Stavins, Robert N. “Guest Commentary. A Portfolio of Domestic Commitments: Implementing Common but Differentiated Responsibilties.” Carbon Market North America 4 (2009): 6. stavins_point-carbon.pdf


Stavins, Robert N. “Institutions and Individuals. (universities' Environmental Responsibilities).” The Environmental Forum 26 (2009): 18. column_29.pdf


Jaffe, Judson, Matthew Ranson, and Robert N Stavins. “Linking Tradable Permit Systems: A Key Element of Emerging International Climate Policy Architecture.” Ecology Law Quarterly 36 (2009): 789–808. Publisher's Version jaffe-ranson-stavins-elq.pdf


Stavins, Robert N. “No Free Lunch at the Auto Cafe.(corporate Average Fuel Economy).” The Environmental Forum 26 (2009): 16. column_31.pdf


Stavins, Robert N. “Opportunity for a Defining Moment.” The Environmental Forum 26 (2009): 16. column_28.pdf


Stavins, Robert N. “A Portfolio of Domestic Commitments: Implementing Common but Differentiated Responsibilities.” Cambridge, Massachusetts, USA: Harvard Project on Climate Agreements, 2009. Publisher's VersionAbstract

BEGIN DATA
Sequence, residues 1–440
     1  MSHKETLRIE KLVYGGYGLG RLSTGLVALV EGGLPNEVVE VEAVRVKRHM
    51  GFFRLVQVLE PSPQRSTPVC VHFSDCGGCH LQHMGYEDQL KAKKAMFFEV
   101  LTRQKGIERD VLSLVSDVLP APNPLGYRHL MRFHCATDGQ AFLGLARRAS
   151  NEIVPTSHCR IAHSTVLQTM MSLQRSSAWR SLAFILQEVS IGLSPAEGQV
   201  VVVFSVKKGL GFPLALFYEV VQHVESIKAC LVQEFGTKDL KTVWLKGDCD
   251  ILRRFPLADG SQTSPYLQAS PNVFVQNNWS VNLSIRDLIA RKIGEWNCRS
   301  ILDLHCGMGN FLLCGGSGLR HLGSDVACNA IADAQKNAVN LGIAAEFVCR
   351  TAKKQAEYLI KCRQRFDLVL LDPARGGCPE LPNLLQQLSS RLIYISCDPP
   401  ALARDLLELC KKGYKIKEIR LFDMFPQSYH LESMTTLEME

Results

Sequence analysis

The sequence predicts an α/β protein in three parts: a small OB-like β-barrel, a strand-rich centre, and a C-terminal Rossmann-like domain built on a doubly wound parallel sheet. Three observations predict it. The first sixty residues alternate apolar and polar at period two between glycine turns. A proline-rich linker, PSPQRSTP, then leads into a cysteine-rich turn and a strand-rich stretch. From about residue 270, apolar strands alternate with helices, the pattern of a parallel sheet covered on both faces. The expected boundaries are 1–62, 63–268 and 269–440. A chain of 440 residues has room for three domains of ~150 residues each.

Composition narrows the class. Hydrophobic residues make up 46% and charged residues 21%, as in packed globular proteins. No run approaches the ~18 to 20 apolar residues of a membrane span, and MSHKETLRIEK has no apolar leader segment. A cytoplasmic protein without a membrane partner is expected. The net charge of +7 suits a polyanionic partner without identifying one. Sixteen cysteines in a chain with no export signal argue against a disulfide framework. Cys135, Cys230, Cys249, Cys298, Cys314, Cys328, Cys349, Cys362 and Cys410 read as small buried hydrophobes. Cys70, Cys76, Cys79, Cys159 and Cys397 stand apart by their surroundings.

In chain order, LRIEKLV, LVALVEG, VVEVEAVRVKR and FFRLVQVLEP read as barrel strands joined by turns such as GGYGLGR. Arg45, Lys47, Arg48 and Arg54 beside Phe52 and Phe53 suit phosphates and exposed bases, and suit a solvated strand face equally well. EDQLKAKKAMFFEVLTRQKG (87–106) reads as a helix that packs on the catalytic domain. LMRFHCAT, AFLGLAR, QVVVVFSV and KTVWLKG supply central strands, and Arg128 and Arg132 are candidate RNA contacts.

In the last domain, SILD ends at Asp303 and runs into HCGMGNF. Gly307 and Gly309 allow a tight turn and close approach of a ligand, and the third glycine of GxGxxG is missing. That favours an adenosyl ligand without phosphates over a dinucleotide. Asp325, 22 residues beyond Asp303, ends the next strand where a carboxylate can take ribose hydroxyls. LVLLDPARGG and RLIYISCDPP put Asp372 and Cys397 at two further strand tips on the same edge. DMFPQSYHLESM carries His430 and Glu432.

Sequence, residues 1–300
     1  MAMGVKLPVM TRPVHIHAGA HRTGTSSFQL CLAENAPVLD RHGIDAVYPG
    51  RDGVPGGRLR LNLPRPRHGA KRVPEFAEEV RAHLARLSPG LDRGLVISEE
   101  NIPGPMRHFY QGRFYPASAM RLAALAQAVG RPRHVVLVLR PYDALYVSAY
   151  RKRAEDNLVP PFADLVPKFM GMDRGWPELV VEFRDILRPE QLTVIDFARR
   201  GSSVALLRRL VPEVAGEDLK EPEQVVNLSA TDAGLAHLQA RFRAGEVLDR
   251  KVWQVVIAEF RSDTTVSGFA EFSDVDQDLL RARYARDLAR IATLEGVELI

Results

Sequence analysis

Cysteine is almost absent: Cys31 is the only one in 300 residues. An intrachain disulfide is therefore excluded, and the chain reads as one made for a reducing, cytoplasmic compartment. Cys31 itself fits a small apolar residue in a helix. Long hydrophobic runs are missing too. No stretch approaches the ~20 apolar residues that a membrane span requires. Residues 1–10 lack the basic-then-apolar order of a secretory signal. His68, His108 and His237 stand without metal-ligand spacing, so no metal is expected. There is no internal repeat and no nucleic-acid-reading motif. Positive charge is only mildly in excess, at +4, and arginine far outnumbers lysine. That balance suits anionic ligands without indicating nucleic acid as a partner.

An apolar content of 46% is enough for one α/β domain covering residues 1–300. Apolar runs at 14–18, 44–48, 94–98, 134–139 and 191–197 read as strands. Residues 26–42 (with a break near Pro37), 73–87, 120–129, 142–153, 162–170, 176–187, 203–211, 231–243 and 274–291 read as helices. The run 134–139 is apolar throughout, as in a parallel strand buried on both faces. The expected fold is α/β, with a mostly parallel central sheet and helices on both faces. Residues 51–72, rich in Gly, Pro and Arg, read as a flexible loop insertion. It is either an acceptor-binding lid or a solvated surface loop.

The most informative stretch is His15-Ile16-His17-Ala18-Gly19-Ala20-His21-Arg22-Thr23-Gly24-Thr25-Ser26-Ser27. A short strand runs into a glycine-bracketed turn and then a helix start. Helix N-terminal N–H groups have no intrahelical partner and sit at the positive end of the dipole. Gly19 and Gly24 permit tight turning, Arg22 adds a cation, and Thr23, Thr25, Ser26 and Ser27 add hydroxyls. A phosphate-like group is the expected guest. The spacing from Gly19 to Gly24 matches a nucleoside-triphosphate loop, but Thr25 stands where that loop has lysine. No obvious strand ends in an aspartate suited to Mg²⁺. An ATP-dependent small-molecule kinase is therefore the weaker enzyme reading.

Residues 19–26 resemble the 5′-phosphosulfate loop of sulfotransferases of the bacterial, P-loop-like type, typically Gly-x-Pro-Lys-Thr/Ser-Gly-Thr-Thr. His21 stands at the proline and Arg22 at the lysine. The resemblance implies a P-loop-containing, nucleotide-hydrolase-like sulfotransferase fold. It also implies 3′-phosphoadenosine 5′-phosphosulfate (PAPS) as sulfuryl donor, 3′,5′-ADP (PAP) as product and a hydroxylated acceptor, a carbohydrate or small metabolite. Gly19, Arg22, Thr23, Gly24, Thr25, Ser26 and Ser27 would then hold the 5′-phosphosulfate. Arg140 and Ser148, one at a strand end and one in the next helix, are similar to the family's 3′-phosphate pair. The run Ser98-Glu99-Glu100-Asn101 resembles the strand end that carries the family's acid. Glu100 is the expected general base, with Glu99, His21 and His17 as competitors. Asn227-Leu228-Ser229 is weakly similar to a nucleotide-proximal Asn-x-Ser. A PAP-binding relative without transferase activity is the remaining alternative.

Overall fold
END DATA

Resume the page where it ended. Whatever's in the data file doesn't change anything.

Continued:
International negotiations are focused on developing a climate policy framework for the post-2012 period, when the Kyoto Protocol's first commitment period will have ended. In addition to negotiations under the United Nations Framework Convention on Climate Change (UNFCCC), other intergovernmental outlets, including the G20 and the Major Economies Forum, are trying to reach common ground among the world's major emitters of greenhouse gases. To date, these efforts have not produced a politically, economically, and environmentally viable structure for a future climate agreement. An effective, but more flexible and politically palatable approach could be an international agreement on a "portfolio of domestic commitments." Under such an agreement, nations would agree to honor commitments to greenhouse gas emission reductions laid out in their own domestic laws and regulations. A portfolio of commitments may emerge from a global meeting such as the UNFCCC Conference of the Parties, or a smaller number of major economies could negotiate an agreement among themselves, and then invite other countries to join. Despite the obvious differences between such a system and the conventional "targets and timetables" in the Kyoto Protocol, negotiators should not dismiss this new approach out of hand. There are several ways to construct a portfolio of domestic commitments, and negotiators have numerous levers available to tailor an agreement to meet their political, economic, and environmental goals. This Viewpoint outlines some basic features of a portfolio approach, highlights a few major issues and concerns, and discusses the potential feasibility of this approach.